Maurice FitzGerald, 4th Earl of Kildare

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Maurice FitzThomas FitzGerald, 4th Earl of Kildare (1318 - August 25, 1390) was a prominent Irish nobleman in the Peerage of Ireland who held the office of Lord Justice of Ireland.

The second son of Thomas FitzGerald, 2nd Earl of Kildare by his spouse Joan (d.1359), daughter of Richard de Burgh, 2nd Earl of Ulster, he succeeded his brother Richard, 3rd Earl, who died aged 12 in 1329.

Maurice, Earl of Kildare, suppressed the insurrection in 1339 of the O'Dempsies in Leinster; and in November 1346, with Lord Justice Bermingham, forced the O'Mores to submit and give hostages for their future good behaviour. On January 26, 1347, he was summoned by Writ signed at Eltham Palace to serve King Edward III at the siege of Calais where he proceeded in May with thirty men-at-arms and was subsequently made leader of the army, and knighted.[1]

With various irregulars and foot-soldiers assigned to defend County Kildare against rebel Irish, the earl was appointed, on September 14, 1358, supervisor of the four commissioners for raising and collecting their pay from that county.

On March 30, 1360, he was constituted Lord Justice of Ireland with an annual salary of £500 sterling. He was made Custos of the realm again on March 22, 1371, and a third time on February 16, 1375, until the return of Sir William Windsor.

In 1364 he headed a delegation of Irish nobles and officials to complain directly to King Edward III about the misgovernment of Ireland, and the corruption of certain officials, notably Thomas de Burley, the Lord Chancellor of Ireland.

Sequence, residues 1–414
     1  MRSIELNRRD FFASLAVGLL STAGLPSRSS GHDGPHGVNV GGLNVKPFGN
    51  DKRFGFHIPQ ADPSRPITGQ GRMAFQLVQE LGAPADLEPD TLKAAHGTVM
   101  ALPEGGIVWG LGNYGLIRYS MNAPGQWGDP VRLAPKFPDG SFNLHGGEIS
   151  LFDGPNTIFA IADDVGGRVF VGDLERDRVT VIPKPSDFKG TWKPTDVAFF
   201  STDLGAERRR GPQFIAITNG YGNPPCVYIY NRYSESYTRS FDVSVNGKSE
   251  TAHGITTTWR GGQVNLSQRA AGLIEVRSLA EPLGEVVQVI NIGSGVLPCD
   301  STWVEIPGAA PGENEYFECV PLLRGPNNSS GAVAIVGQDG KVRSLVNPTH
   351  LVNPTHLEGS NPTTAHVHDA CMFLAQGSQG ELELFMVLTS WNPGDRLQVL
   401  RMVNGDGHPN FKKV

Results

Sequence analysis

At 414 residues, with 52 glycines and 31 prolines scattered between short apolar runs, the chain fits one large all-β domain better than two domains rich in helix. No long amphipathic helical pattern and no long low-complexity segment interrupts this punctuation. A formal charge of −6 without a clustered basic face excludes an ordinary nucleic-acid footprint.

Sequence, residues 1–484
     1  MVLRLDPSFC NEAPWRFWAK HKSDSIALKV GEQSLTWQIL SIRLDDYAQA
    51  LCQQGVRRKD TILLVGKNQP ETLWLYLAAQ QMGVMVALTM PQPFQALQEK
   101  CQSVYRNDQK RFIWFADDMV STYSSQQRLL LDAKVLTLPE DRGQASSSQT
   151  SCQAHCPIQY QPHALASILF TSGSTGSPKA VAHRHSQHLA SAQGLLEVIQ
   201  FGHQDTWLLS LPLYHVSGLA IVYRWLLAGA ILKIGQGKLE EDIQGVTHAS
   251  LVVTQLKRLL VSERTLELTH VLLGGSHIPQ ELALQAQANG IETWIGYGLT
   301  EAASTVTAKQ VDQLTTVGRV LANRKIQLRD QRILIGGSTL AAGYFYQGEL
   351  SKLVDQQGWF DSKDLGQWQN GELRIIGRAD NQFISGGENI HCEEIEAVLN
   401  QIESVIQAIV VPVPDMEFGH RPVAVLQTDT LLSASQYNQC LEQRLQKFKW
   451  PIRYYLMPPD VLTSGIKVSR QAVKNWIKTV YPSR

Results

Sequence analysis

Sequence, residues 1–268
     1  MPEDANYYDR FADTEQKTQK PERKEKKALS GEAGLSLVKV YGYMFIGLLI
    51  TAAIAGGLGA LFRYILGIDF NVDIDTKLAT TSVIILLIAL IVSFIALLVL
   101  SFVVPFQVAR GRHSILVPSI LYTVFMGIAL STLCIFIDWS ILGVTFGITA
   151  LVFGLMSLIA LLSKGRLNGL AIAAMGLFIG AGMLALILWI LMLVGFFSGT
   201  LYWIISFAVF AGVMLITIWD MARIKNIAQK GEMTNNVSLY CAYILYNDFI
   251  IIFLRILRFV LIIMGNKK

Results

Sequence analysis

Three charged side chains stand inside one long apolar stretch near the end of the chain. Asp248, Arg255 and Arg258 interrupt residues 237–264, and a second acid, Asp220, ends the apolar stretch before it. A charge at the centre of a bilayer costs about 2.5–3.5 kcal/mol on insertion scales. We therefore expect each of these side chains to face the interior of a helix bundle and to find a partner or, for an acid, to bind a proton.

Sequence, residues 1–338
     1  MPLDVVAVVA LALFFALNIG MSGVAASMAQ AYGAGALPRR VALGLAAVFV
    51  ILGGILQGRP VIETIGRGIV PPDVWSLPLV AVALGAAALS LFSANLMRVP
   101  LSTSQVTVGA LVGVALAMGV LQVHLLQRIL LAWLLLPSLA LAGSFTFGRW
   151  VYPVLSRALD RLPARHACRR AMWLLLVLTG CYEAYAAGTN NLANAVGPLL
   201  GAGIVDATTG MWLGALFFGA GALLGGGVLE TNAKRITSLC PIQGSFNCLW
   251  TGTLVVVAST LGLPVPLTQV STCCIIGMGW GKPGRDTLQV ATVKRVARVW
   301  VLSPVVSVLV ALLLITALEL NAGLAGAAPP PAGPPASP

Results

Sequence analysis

In 1378 he petitioned King Richard II that he had, at his request, accompanied the Lord Justice, James Butler, 2nd Earl of Ormond "in a certain amount of great hosting" of the O'Morchoes of Slewmargy (Sliabh Mairge), with numerous horsemen in his retinue, whereof six of his men were lost as well as four coats of mail and other armour. He asked for recompense, of which the King granted £10 sterling from the Exchequer of Ireland on May 21, 1378.

On January 22, 1377, he was summoned to the Parliament held at Castledermot; and on September 11, 1381 to that held at Trim; and on April 29, 1382 to that held at Dublin.

He was, with Sir Philip Courtenay, the Lord Justice, active in imposing law and order in Leinster and Meath and elsewhere, and in resisting rebels all at his own expense. His reward came partly in the form of a grant, dated April 20, 1386, of the estate of Sir William de London in the counties of Kildare and Meath during the minority of his son and heir, John de London. On August 5, 1389, he was enfeoffed in the manors of Lucan, County Dublin, Kildrought (now Celbridge), and Kilmacredock, County Kildare, held from the Crown in capite for him and his heirs forever.

On May 29, 1390, a Writ was issued to him to remove O'Connor, son of Dough O'Dempsie, the King's Irish enemy currently detained in Kildare Castle, to Dublin Castle for safer custody.

He died at an advanced age in 1390, and was interred in the Church of the Holy Trinity, now Christchurch Cathedral, Dublin.[1]

Maurice, Earl of Kildare, married Elizabeth de Burghersh, 3rd Baroness Burghersh, daughter of Sir Bartholomew de Burghersh, 2nd Baron Burghersh, KG.,[1] and had at least four children, including:

Peerage of Ireland
Preceded by
Richard FitzGerald
Earl of Kildare
1329–1390
Succeeded by
Gerald FitzGerald

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